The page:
But shortly after she resigned, Patrick said he acted against Edwards because of what he called her “inappropriate, at least, maybe unlawful pressuring” to “change the outcome of a case. The hearing officer ultimately did not do that. It turns out that the case is the case that arose out of my brother-in-law’s experience.”
Edwards then sued Patrick and the Commonwealth of Massachusetts, alleging she was defamed and wrongfully fired in what her suit said was a “retaliatory” action. She filed a second defamation claim, saying Patrick had “falsely and maliciously misinformed the press that Edwards had inappropriately interfered with the independence of a quasi-judicial official.”
In her suit, Edwards said Bernard Sigh had sought to avoid registering on grounds that “spousal rape is not rape” in Massachusetts. The suit said the hearing officer in the Massachusetts case determined spousal rape in California is not equivalent “to the Massachusetts crime of rape” and was instead similar to simple indecent assault and battery.
Edwards disagreed. She and other officials at the registry sought to overturn the decision and have Sigh placed on the registry, but the effort was unsuccessful.
The Massachusetts Supreme Judicial Court in 2017 dismissed Edwards’s case against Patrick. The court said that while Patrick might have harbored ill will toward Edwards for “nearly destroy[ing] the lives of some members of his family,” that does not constitute actual malice. Edwards’s complaint against the state is pending.
Patrick, in his statement to The Post, said Edwards’s “interference” had “threatened the integrity of the work of the agency and resulted in the Commonwealth having to pay a settlement to a hearing officer who was retaliated against. That demanded accountability.”
As Sigh and his wife prepared to end their marriage in 2017, the Boston Globe reported, they agreed to share their apartment, with each occupying it individually for certain periods of time. On Dec. 10, 2017, Sigh was hiding in a closet when his wife was in the home, and he grabbed her and raped her, according to the prosecution. Sigh’s attorney told the court the sex was consensual.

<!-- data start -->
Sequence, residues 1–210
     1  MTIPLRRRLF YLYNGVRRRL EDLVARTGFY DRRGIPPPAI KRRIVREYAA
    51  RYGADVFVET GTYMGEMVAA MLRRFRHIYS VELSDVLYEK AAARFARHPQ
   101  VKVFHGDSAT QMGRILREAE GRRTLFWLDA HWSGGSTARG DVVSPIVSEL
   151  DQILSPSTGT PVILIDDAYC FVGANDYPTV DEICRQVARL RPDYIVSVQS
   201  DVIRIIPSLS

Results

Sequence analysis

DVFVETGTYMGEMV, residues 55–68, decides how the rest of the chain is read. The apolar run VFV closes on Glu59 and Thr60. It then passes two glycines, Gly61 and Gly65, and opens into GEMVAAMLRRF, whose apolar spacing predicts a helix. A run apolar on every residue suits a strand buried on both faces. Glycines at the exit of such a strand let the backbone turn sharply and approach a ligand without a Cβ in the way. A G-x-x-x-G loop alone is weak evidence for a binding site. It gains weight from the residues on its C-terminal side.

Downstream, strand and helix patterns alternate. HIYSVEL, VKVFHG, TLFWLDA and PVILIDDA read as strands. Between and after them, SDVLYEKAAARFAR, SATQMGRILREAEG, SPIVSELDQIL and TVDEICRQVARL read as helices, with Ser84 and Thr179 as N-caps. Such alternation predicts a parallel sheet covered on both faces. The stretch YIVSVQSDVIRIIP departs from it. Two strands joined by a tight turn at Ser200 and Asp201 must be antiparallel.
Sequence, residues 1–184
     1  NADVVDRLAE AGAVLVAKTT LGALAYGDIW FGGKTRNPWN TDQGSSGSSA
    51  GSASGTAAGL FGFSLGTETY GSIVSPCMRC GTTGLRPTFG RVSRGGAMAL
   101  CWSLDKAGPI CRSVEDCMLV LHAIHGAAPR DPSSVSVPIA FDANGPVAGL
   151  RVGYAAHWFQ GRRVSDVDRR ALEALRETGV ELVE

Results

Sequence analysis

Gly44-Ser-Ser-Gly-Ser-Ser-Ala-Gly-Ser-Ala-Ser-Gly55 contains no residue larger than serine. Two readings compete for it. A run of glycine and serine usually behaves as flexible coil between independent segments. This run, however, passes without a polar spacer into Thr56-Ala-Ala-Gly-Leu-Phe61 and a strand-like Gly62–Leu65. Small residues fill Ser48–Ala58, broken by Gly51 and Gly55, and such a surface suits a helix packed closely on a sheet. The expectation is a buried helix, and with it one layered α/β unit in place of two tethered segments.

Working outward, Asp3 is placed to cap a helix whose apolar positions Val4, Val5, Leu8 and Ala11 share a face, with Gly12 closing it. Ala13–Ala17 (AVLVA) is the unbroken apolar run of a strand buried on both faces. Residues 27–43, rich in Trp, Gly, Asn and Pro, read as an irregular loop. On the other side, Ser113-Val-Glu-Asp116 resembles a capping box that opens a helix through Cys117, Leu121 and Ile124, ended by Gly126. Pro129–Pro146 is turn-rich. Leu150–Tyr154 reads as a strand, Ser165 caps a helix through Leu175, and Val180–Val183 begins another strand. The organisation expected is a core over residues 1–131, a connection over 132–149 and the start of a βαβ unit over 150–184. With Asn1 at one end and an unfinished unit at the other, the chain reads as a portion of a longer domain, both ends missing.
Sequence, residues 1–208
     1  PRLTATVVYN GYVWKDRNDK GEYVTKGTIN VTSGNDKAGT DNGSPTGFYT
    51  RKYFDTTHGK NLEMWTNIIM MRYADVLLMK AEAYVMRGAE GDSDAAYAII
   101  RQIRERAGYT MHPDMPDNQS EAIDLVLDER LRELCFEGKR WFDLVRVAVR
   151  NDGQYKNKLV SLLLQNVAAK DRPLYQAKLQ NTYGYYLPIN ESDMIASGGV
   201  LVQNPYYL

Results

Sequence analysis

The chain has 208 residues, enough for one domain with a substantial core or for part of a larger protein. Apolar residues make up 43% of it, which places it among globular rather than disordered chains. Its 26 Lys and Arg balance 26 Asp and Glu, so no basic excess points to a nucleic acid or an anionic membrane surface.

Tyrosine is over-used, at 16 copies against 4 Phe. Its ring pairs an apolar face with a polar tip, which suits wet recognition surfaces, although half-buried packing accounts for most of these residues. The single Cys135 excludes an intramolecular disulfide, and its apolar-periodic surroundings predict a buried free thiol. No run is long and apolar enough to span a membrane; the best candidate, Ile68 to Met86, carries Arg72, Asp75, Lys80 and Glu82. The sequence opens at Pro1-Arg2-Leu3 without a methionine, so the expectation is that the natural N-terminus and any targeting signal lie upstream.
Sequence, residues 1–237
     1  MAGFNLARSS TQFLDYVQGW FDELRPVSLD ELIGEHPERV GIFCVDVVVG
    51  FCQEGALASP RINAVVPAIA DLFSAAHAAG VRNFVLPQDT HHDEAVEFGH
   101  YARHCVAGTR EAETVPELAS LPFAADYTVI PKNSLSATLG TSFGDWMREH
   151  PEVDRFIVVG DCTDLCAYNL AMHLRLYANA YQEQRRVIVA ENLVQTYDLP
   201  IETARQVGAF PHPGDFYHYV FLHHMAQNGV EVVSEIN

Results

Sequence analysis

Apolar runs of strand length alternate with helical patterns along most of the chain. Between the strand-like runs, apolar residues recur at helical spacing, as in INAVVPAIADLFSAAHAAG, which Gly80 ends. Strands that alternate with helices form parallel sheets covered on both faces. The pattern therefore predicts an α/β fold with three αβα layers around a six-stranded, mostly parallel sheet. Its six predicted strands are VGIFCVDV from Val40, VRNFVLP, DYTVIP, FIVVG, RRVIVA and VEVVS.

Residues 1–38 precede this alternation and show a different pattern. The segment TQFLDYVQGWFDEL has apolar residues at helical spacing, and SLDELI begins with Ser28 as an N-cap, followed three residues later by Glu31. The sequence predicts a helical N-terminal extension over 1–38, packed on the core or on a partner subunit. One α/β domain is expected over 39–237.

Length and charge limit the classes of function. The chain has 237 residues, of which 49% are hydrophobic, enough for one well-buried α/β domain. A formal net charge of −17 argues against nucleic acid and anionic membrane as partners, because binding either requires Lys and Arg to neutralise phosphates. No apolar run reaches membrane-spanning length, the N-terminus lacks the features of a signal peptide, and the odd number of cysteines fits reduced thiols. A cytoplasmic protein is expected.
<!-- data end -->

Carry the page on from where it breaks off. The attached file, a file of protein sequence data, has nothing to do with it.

Sigh was convicted in June of raping his estranged wife and violating a restraining order that prohibited contact with her. He was sentenced to serve up to eight years in prison. Prosecutors had sought up to 15 years.
Sigh’s wife, Rhonda, told the court she wanted a longer sentence. “I am terrified at the thought of him being released,” she said, according to the Boston Herald. “I would have to leave everything. … I would always be looking over my shoulder.” Rhonda Sigh did not return a call seeking comment.
Bernard Sigh told the court he was “selfish and thoughtless” and asked for forgiveness, the Herald reported. Sigh’s public defender, Ethan Yankowitz, declined to comment. Sigh is serving his sentence in a Massachusetts prison. The couple’s divorce was finalized earlier this year.
Patrick, in initially deciding a year ago that he would not seek the presidency, said “knowing that the cruelty of our elections process would ultimately splash back on people whom Diane [his wife] and I love, but who hadn’t signed up for the journey, was more than I could ask.” He did not cite a specific reason.
A Patrick aide, speaking on the condition of anonymity to describe a private conversation, said the case involving his brother-in-law was not the reason Patrick forewent an initial campaign announcement, but said Patrick had told aides to prepare to face questions about it and other family matters.
Alice Crites contributed to this report.